. And they had every reason to feel isolated. Seven months earlier the Simons had deliberately lodged their boat in Arctic ice 100 miles from the nearest settlement—Pond Inlet, Canada—in a wild, windswept place where balmy meant anything above 50 below.
"I knew we had to make a truce. If we focused too long on anything but the daily task of survival it could mean disaster for both of us," recalls Diana, 47. "So I got the sled and prepared it with tea and cookies—and a gun, in case of polar bears. Then I put my skis on and just met him halfway."
Not exactly a recipe for romance as described in The Rules
. But ever since meeting at a party near Australia's Great Barrier Reef in 1982, the Simons had been writing their own rule book. That year they shared their first Christmas aboard the 31-foot sloop that Alvah, a native of Upstate New York, was sailing around the world. Together he and Diana, a New Zealander who had spent the previous decade on the road, would dodge pirates in the Sulu Sea, prevail over mountainous seas off Cape Horn and survive riots in Panama. Says Alvah, 48, who married his soulmate on a Philippine beach in 1983: "It just got wilder and more interesting."
Indeed, over the next 10 years the couple would cover more than 65,000 miles and visit some 40 countries, financing their travels with a variety of temporary jobs: rebuilding a marina, laying underwater pipe, stripping logs. But nothing would test them—or their relationship—more than the journey Alvah began dreaming about in early 1992, inspired by stories he had read since childhood of explorers who struggled through the long Arctic nights with their boats trapped in the ice. "The truth was, I had to do it," says Alvah of the odyssey that would win the couple a Cruising World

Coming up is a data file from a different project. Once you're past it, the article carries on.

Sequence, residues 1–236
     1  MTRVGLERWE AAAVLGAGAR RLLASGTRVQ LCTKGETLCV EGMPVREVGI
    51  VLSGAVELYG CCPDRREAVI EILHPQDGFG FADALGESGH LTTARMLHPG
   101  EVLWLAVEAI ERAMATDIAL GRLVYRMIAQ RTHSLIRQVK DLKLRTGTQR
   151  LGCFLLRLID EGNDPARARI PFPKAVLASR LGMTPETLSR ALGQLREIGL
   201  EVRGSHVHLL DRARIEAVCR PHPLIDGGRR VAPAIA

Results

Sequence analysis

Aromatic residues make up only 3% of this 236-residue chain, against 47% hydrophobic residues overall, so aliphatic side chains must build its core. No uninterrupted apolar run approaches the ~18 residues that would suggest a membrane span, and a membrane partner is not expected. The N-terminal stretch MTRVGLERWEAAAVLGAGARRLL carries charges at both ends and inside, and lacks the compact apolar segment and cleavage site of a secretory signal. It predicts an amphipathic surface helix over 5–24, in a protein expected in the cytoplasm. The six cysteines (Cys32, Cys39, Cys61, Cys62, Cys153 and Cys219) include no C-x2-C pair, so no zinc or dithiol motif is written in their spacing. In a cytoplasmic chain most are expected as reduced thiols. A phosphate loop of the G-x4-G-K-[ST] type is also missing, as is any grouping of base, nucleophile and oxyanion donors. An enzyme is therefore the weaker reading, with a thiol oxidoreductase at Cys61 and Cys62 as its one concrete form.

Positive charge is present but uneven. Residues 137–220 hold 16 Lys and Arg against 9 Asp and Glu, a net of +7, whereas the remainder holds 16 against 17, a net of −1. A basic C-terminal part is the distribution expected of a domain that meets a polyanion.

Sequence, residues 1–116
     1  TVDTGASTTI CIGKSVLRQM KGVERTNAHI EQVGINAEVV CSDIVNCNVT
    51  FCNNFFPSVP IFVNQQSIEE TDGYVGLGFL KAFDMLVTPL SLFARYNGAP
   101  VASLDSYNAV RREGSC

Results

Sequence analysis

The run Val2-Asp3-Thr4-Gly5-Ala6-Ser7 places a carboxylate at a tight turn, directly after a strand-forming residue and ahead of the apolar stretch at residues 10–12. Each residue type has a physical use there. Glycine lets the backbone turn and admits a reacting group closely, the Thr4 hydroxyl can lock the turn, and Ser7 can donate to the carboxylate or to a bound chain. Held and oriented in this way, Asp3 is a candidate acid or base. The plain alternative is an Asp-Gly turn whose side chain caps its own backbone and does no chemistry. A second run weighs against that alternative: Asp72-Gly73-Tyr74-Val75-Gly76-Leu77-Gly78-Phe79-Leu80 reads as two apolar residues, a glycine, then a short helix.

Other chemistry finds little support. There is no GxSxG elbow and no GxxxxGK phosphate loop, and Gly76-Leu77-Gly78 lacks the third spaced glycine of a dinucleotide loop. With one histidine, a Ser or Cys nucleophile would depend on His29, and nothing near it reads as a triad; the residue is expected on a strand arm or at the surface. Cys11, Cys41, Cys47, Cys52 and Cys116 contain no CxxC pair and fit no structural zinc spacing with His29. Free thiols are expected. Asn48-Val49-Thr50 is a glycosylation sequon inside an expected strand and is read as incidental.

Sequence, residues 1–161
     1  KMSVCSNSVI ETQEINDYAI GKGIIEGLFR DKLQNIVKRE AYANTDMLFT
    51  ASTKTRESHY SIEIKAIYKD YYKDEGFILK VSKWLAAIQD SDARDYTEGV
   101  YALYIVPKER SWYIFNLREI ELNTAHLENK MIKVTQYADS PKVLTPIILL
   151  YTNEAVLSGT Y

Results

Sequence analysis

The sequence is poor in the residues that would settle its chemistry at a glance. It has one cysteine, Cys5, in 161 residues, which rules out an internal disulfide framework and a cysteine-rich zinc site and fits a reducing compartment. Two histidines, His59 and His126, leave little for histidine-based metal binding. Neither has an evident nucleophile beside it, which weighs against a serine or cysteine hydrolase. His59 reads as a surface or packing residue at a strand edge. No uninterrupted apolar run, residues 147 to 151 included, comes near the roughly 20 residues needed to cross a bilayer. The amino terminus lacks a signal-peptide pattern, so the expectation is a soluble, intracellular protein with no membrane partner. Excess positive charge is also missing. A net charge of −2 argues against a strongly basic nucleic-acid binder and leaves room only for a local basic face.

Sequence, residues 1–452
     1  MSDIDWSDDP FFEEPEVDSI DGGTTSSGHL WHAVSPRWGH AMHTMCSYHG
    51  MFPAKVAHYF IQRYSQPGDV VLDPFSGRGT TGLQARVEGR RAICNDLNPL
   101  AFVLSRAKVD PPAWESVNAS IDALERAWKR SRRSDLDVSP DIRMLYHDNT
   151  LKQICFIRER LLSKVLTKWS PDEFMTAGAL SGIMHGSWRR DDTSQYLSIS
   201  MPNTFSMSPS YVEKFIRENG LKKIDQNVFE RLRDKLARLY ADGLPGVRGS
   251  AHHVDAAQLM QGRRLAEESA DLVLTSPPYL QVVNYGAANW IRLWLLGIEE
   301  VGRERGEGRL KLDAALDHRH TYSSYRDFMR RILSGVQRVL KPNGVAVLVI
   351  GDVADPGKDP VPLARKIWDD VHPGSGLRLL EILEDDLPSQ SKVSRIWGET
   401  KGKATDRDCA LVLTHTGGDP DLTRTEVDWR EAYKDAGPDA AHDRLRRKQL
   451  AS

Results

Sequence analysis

magazine Outstanding Seamanship award and become the subject of his recently published first book, North to the Night: A Year in the Arctic Ice
. "I crave physical adventure," he explains. "I need to get frightened every once in a while just to wake up."
Diana was initially less than thrilled. "The books on that area are all full of doom and gloom," she says. "Something about Alvah though—he can convince you that black is white. In the end, I was afraid I'd miss out on something."
She needn't have worried. In ice-locked Tay Bay aboard the steel-hulled Roger Henry
—named for Alvah's late father, a tough-minded former Marine who took his nine children camping nearly every weekend regardless of the weather—Diana had enough close calls to cost her and the couple's feline companion, Halifax, several lives each. There was, for instance, the burly polar bear who relentlessly stalked the boat until Alvah finally scared him off with an air horn. Or the time the Roger Henry
's stern inexplicably started sinking, and the couple had to whack away at the ice until the boat rose again. Then there was the day Diana fell overboard into a crack in the ice—and Alvah ignored her cries for help at first, thinking they were part of the Emmylou Harris tape the pair had blaring.